“Re-infection is not a very widespread phenomenon here in Karachi, but doctors at different hospitals in the city are seeing one or two patients with COVID-19 re-infection. We have not seen any death after re-infection, but some patients have been observed with severe symptoms, who require admission and even life-support after getting re-infected,” said Dr Khan.
Doctors and pathologists working at different health facilities in Karachi have claimed that some people are not only getting re-infected with the COVID-19 in the city but have “very severe symptoms” the second time, saying novel coronavirus cases have started rising in the metropolis for the last one week.
Advising people, especially elderly patients who have already contracted the COVID-19 in Pakistan, to continue taking preventive measures in public, they said on Thursday some people who got re-infected with the virus had very severe symptoms as compared to those from their first infection. They however added that re-infection in respiratory illnesses was not very uncommon.
“I have personally seen three to four cases of the COVID-19’s re-infection at the Dow University of Health Sciences (DUHS), who came with severe symptoms,” said Dr Saeed Khan, an associate professor and head of molecular pathology at the Dow varsity, while talking to The News.
He claimed that the phenomenon of re-infection was being observed all over the world, and now doctors and experts dealing with coronavirus cases in Karachi were also witnessing such cases. They said people infected with the disease had “short-lived” antibodies, while some people lacked antibodies despite getting infected with the coronavirus, a fact confirmed through the polymerase chain reaction (PCR) test.
Another senior pathologist and health expert, Dr Zeeshan Ansari, said he had himself seen a patient who became re-infected with the COVID-19, and the second infection was very severe, which required hospitalisation and oxygen therapy at a tertiary-care health facility.
“One of my relatives, a young patient, tested positive for the COVID-19 a few months back and remained isolated at his residence for over a month until he tested negative. On seeing his COVID-19 negative report, he was allowed to rejoin his office. A few weeks back, this guy, who is a resident of Landhi, got sick again with severe symptoms, and when tested again, he tested positive,” he said.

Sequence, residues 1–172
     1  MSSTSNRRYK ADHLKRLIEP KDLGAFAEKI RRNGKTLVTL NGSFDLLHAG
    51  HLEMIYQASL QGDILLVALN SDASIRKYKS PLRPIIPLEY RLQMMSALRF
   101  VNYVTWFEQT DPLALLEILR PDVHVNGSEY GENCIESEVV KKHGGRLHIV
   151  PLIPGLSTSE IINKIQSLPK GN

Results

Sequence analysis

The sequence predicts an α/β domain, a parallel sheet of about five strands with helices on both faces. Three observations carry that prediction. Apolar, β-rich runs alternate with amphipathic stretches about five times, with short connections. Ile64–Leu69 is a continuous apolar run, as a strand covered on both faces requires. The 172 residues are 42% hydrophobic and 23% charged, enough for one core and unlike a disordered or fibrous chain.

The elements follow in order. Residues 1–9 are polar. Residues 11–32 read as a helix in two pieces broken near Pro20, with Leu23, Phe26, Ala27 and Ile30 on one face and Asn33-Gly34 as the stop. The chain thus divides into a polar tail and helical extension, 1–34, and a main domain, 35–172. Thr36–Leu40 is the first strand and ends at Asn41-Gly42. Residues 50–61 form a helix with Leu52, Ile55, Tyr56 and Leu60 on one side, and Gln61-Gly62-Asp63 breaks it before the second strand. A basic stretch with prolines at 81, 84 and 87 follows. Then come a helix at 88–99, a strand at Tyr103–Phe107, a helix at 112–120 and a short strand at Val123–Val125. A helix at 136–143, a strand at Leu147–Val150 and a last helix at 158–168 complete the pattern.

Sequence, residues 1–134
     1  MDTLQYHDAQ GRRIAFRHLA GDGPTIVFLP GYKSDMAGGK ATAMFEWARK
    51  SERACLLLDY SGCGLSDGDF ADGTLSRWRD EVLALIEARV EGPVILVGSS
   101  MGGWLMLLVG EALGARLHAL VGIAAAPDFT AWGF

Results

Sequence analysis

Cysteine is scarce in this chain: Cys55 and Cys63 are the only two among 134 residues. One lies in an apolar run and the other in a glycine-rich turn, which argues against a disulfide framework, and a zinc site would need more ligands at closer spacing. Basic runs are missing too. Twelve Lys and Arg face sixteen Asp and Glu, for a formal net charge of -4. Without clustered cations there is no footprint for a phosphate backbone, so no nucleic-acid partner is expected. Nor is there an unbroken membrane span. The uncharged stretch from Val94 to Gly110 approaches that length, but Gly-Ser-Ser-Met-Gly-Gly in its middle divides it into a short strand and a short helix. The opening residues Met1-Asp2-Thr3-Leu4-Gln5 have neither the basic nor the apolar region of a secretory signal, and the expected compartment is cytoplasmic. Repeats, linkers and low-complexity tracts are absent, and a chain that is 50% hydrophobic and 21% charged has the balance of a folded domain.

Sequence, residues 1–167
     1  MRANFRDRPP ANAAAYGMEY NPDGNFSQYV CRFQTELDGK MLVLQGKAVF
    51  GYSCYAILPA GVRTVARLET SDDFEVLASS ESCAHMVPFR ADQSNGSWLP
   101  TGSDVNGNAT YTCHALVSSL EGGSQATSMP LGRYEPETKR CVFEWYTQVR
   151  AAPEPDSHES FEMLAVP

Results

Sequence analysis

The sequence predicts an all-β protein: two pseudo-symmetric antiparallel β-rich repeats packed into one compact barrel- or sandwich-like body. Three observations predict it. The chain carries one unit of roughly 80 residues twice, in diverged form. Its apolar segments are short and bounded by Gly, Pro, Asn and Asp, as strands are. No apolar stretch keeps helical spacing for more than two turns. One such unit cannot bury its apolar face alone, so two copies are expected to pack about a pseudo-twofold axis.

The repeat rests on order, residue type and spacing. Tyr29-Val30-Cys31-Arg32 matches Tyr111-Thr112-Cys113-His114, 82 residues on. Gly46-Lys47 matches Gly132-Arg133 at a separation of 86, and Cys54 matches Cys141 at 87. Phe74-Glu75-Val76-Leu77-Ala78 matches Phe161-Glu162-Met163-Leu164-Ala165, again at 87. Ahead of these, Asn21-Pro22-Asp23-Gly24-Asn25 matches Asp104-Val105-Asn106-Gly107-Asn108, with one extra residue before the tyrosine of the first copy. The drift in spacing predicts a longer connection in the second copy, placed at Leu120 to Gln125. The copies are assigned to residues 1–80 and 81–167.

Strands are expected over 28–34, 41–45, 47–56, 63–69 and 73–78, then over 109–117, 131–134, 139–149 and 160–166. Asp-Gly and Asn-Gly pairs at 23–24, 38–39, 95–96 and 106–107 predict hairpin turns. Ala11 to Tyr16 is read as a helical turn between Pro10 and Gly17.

But Dr Ansari maintained that COVID-19 re-infection was still “an under-investigation” phenomenon, and authorities should conduct a study to ascertain whether people had started getting re-infected with the coronavirus. He added that theoretically, despite getting vaccinated against different viruses, people could get re-infected with those viruses sometime in their lifetime.
“Re-infection with viruses, especially those causing respiratory illnesses, is not very uncommon. It has happened in the case of MERS, SARS and other members of coronavirus family and this can happen with SARS-COV-2 (COVID-19) too,” Dr Ansari added.
Another health physician, Dr Harris Hassan Qureshi, who is associated with the Sindh Institute of Urology and Transplantation (SIUT), Karachi, posted a vide message on his Facebook wall, advising people to take preventive measures, especially those who had acquired the infection previously. He said people had started getting re-infected with the COVID-19 all over the world, including Pakistan.
“I have several friends at various hospitals in Pakistan and abroad, and they have apprised us of cases of COVID-19 re-infection. It is not a widespread phenomenon, yet people are getting re-infected with this virus, which has been proved internationally also,” he said while talking to The News.
Dr Qureshi said many hospitals were also re
porting cases of COVID-19 re-infection with severe symptoms. He added antibodies were short-lived and were not providing protection against the virus beyond three to four months, and in some cases, not more than a few weeks.
On the other hand, eminent hematologist and immune system specialist Dr Tahir Shamsi said re-infections with COVID-19 was “not a very common phenomenon” as there could be hardly 25 to 50 persons around the globe who would have contracted the infection with the coronavirus again. He added that there was, however, a possibility of re-infection with COVID-19.
“SARS-COV-2 virus which causes COVID-19 is a class of viruses called RNA (Ribonucleic Acid) viruses which change their shapes. These viruses, especially those causing respiratory illnesses, can re-infect people as their initial infection does not provide life-long immunity. But in the case of COVID-19, we have not seen any widespread phenomenon of re-infection anywhere, including Pakistan,” Prof Shamsi added.
Originally published by The News